Audio Advent 2021 Day 2: My top ten Celtic folk songs that you should listen to

Although I enjoy listening to all sorts of genres of music, and have performed even more than I enjoy listening to (I’m talking about you, Mr Cage…), as my previous writings probably give away, my real passion lies in folk music. There are photos of me enjoying the summer folk festival circuit before I could even walk, and falling asleep in bundles of coats while the music played on, so I was really brought up on folk and world music before discovering any other genres, and I suspect that’s why I’ve always had a love for it. 

In this article I will share my top 10 folk songs, in no meaningful order, that I think you should listen to, and explain why I have chosen each one. It hasn’t been easy singling out just 10, but I hope you give a few of them a listen and enjoy them as much as I do! 

1) Cousin Jack - Show of Hands

Show of Hands, as well as being one of the most well known folk groups in the world, is one of the bands I have the earliest memories of seeing live, so they have always had a special place in my heart. This track in particular I remember my baby sister mixing up the lyrics for so I have chosen it almost purely for sentimental reasons. Luckily it also happens to be a great song with a great chorus, and does make you think about the effect of second home owners on Cornish working villages. 

2) Pige Ruadh - Capercaillie

Capercaillie have always been my favourite band, having seen them live younger than I can remember, and then often listening to their music to alleviate the boredom of long childhood car journeys. They’re a fascinating band for many reasons, including their - at the time - revolutionary use of electronic effects in their music, creating some of the first examples of Celtic fusion music. This track, Pige Ruadh, is unfortunately only available on YouTube or on their live recording album ‘Get Out’ that has sadly been out of production for some years, but is one of my favourites of all time. It features a great example of Puirt à beul, or Celtic mouth music, a technique whereby often nonsense lyrics are set to traditional Celtic tunes to mimic or even replace physical instruments. Some say that this technique originated during the Disarming Act and Act of Proscription in 1746 when musical instruments were said to have been banned, however there is no written evidence of this. If you listen carefully, the lyrics, which translate as ‘I found the red jug, I found the red jug, I found the red jug, in the henhouse’ are sung with such precise, short rhythms, and if you were to play just the notes on a violin or accordion for example, you would hear a recognisable folk jig.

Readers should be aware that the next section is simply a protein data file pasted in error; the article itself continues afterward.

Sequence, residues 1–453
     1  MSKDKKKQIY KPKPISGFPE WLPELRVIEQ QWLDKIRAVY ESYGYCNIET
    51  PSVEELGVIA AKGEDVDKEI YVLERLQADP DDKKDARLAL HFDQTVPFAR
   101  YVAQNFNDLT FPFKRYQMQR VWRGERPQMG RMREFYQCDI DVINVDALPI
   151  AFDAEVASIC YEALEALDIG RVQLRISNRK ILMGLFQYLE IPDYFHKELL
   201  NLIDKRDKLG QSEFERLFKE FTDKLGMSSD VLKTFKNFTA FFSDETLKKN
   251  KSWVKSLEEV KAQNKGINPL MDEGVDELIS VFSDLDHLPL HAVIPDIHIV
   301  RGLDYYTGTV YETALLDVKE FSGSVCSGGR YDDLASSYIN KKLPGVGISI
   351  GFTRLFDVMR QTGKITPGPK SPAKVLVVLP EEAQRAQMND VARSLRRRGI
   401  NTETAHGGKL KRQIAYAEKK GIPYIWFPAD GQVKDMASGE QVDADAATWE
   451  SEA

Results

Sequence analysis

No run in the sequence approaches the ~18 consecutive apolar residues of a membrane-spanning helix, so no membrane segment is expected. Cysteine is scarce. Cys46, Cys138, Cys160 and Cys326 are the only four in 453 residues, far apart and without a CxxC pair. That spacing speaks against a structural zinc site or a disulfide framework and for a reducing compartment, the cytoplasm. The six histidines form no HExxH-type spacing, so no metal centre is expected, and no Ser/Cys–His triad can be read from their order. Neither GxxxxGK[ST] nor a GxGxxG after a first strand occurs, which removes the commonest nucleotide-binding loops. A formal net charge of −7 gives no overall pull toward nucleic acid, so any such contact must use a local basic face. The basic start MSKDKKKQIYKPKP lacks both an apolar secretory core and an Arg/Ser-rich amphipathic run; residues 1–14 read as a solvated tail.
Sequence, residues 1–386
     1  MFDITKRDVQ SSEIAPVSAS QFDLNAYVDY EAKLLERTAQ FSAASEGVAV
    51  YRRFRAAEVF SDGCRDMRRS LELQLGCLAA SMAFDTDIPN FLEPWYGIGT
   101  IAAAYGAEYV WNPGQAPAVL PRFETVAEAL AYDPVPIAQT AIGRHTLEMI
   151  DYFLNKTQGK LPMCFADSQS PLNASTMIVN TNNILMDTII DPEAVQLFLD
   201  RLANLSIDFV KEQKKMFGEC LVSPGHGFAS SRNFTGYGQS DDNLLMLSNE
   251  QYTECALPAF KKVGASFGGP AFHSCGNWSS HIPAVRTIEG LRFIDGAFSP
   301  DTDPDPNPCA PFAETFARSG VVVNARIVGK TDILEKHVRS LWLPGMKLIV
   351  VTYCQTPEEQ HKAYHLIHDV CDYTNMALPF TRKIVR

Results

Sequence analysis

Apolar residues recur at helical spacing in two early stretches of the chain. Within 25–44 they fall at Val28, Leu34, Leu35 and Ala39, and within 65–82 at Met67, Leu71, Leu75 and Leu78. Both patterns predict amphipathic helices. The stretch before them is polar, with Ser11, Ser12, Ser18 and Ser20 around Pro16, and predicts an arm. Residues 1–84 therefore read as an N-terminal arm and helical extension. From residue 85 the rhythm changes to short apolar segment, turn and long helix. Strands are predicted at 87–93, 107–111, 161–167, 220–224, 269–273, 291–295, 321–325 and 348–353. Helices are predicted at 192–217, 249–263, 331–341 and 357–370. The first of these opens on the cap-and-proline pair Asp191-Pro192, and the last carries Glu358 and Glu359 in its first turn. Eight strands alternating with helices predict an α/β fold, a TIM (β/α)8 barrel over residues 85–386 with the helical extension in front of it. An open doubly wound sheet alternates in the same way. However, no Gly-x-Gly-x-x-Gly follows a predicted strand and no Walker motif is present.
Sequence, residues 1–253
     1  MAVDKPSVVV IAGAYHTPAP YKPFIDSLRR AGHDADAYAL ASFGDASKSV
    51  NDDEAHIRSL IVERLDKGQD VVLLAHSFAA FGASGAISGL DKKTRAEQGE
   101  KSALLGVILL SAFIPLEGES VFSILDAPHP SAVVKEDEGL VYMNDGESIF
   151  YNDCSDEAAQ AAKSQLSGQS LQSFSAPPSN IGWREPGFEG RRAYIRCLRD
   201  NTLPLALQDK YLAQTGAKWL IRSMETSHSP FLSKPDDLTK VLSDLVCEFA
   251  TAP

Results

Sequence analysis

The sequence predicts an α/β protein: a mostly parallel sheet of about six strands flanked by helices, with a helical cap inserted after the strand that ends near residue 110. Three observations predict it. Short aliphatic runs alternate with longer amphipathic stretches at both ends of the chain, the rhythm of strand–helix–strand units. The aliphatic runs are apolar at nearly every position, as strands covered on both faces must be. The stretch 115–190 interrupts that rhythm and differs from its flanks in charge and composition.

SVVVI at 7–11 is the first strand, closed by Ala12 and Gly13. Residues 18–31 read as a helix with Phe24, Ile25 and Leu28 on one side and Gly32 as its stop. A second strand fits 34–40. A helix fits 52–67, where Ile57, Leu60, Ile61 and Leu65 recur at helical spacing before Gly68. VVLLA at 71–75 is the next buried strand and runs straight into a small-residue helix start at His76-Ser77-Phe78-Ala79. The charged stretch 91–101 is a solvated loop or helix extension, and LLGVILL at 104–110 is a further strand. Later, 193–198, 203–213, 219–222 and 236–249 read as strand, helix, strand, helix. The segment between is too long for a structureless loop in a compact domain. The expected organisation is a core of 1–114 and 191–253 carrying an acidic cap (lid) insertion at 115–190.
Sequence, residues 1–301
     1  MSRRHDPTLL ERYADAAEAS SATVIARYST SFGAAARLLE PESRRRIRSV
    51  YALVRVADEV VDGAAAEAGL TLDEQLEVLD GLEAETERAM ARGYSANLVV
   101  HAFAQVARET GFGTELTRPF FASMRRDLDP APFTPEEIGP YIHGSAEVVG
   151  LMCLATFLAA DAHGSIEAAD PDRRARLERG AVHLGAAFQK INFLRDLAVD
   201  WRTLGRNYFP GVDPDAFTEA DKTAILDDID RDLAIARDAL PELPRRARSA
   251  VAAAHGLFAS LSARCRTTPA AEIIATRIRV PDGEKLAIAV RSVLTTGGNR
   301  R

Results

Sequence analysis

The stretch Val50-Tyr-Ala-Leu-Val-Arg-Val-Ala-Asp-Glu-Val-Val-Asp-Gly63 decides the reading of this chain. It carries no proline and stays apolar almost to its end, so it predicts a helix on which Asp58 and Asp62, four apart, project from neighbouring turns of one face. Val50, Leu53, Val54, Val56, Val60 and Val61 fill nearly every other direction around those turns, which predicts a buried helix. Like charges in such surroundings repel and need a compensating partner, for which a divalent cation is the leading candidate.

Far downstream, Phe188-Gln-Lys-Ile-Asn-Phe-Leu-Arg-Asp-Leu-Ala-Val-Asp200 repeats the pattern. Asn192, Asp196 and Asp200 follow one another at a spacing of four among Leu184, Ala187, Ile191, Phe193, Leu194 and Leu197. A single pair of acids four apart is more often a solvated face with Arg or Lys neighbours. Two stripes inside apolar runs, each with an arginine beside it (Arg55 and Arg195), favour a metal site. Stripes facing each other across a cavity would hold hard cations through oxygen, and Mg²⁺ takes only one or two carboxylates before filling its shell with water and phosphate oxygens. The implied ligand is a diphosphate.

3) New York Girls - Bellowhead

Bellowhead are another firm favourite of mine, and one of the few folk bands well known outside of the Celtic music world, with music played on BBC Radio 2 and 3, recording at Abbey Road Studios, and a period as Artists in Residence at the Southbank Centre. What attracts me to them more than anything else is their completely unique instrumentation, with percussion galore and a four person brass section including the indomitable Sousaphone. They’re a force to be reckoned with on stage, and although they officially parted ways in May 2016, they are reuniting for a Broadside 10th anniversary tour in November 2022 which I am indescribably excited about! New York Girls is probably Bellowhead’s most famous track, and apart from the chuckle-worthy cautionary tale about relations with quayside harlots, it is also a brilliantly catchy tune with funky syncopation, and a chorus that you can sign along to in the car. 

4) Raging Sea - The Elders

The Elders, a six piece Irish folk band based in Kansas City, Missouri, are best known in the American-Irish folk world, having had their songs played on over 120 US radio stations, but have also toured Ireland and Europe, and produced a number of albums enjoyed around the world. This song, Raging Sea, I only discovered recently, but the irresistibly catchy tune means if I haven’t been listening to it deliberately, I’ve more than likely got it stuck in my head! Listen to this one if you’re unafraid of an ear worm…

5) Mrs MacLeod of Raasay - Alasdair MacCuish & The Black Rose Ceilidh Band